7. 7. Large scale Salesforce.com and Force.com implementations require a different approach:<br />You need to think differently <br />Why and How to think differently<br />We need to amend the Marketing Message: <br />“…it’s so easy!”<br />Objective: Share My Perspective<br />6<br />Image credit – Apple, Inc.<br />
  8. 8. Objective: Take Away(s) For You<br />Perspective: (What)<br />Size : Complexity : Dependency : Risk<br />Understanding: (Why)<br />You need tomanage complexity<br />Ideas: (How)<br />Change your approach<br />Managing expectations differently<br />Adopt new standards, practices and methods<br />7<br />
  9. 9. Who Am I?<br />Co-Owner & Principal Consultant of Outformations, Inc.<br />25+ years experience <br />Chief Architect, Development Team Mentor and Trainer<br />Certified Salesforce Developer & Certified Agile Scrum Master<br />What Do We Do<br />Custom Software Solutions <br />Agile Business Consulting<br />Developer mentoring and training<br />Clients of all sizes, shapes and industries<br />We love moving customers into the cloud w/ Force.com<br />8<br />
  10. 10. What Does 'Enterprise' mean?<br />Many Objects:<br />users, features, screens, reports<br />Many Complexities:<br />security, business rules, workflow, reporting, output<br />Many International Issues: <br />multiple locales, currency, time-zone issues<br />Many Integration Points:<br />other cloud systems, ERP databases, etc.<br />And of course - oodles and oodles of data<br />9<br />Image credit – Wenger<br />
  11. 11. “Salesforce Development Is SO Easy!”<br />Salesforce.com marketing message:<br />'easy' to configure<br />'rapid' to develop with<br />'anyone can do it' <br />‘No Software’<br />It’s all true - that's why we love it<br />BUT – we must Amendthe Marketing Message:<br />Applies to Salesforce<br />Does NOT apply to complex systems<br />10<br />Image credit – Quantum360.co.uk<br />
  12. 12. What’s The Problem With Big?<br />Big things tend to get Complex<br />Complexity grows in an arbitrary manner<br />Growing Complexities create Dependencies<br />Gets harder to track everything<br />System elements typically become more coupled<br />Changes have unintended impact <br />Technical debt can grow <br />You will have to pay: <br />How? When? At What Cost? You can't know!<br />11<br />Image credit – OpenORB.sourceforge.net<br />
  13. 13. What is Technical Debt?<br />‘...eventual consequences of slapdash software architecture and hasty software development.’<br />12<br />Image credit – my.digitalface.ca<br />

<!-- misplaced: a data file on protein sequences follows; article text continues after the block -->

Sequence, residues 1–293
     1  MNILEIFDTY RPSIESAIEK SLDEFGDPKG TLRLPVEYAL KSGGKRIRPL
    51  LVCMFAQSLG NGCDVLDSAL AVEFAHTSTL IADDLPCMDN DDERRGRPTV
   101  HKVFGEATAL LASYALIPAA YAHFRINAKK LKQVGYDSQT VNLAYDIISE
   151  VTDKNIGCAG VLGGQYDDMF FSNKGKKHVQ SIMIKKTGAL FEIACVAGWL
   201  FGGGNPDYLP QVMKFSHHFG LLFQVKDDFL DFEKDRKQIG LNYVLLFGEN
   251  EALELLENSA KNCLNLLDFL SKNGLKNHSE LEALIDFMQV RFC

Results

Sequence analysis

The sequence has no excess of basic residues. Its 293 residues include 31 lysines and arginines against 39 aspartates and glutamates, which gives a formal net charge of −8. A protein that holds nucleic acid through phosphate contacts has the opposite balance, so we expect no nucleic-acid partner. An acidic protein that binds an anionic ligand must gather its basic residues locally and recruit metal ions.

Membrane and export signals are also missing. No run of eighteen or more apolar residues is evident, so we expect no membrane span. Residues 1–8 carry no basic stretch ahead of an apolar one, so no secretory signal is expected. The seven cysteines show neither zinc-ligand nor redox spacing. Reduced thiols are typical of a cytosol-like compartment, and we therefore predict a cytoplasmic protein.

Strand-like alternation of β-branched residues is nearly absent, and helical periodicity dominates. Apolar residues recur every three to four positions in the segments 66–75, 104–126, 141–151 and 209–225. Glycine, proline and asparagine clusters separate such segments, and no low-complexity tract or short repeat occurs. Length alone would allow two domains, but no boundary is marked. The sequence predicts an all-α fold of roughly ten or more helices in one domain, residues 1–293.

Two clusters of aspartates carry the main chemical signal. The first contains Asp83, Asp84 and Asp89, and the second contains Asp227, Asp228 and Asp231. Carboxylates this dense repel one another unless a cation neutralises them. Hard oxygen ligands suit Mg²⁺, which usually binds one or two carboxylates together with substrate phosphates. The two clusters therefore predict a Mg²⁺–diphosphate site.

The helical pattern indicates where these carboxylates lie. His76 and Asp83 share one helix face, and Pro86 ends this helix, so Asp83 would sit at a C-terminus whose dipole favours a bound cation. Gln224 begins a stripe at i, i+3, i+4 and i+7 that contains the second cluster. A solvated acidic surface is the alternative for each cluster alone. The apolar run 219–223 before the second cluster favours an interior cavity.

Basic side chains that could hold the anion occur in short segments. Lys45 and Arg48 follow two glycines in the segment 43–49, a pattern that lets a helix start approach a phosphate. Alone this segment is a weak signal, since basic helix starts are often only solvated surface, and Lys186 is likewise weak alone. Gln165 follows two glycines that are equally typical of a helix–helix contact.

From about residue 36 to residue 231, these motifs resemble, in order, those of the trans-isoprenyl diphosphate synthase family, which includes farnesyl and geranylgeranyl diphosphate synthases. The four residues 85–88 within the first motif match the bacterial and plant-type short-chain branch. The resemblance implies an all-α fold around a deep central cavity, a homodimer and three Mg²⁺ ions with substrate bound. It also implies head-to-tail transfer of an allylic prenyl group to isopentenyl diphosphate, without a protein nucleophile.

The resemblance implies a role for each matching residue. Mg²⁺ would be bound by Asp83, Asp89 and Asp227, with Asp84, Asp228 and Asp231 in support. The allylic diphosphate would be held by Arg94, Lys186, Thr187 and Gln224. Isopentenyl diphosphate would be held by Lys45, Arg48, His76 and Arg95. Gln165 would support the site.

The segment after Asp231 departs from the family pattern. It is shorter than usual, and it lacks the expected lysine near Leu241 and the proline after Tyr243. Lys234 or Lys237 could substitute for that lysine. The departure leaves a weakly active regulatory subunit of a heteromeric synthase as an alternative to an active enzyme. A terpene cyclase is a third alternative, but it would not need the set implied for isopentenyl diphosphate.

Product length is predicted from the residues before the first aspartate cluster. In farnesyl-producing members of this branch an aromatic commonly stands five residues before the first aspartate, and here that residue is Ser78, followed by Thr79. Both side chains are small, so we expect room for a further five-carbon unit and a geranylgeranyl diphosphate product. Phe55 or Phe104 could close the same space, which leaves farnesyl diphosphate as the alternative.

14. 14. Arbitrary Changes = Technical Debt <br />13<br />Image credit – my.digitalface.ca<br />
  15. 15. Technical Debt Scenario<br />Someone needs and requests a ‘simple’ change<br />You 'solve' the problem with a quick solution as expected<br />The solution adds another moving interconnected part<br />This happens again and again and again over time…<br />APEX logic may become redundant<br />You plan to ‘fix’ or ‘improve’ it later, but ‘later’ never comes!<br />Complexity grows introducing unforeseen dependencies<br />Changes introduce unintended impact<br />Tests start failing when you go to promote new code<br />Deployment and implementation changes become impeded<br />Eventually your system implodes (‘forecloses’) on itself…<br />14<br />Image credit – my.digitalface.ca<br />
  16. 16. Technical Debt Examples<br />“We just need one more <fill in the blank><br />‘just one more validation rule…’<br />‘just one more field’<br />Changing Picklist values w/o verifying dependencies<br />Making arbitrary APEX Changes<br />Adding new triggers<br />Bloating your classes <br />Adding new (and potentially) redundant logic<br />There will be implications! – So what do you do?<br />15<br />Image credit – my.digitalface.ca<br />
  17. 17. Adopt Development Best Practices<br />Accept Salesforce.com as Enterprise class product<br />Supports complex systems; your system will get complex!<br />Set expectations accordingly for everyone<br />A cavalier approach will have implications<br />Learn Enterprise software development practices<br />Supports development of complex applications<br />Been around for years and have evolved over time<br />Allow scalability and management of growing complexity<br />Perfectly applicable to Salesforce <br />Applies to BOTH Configuration and Coding<br />16<br />Image credit – consulting-plus.com-au<br />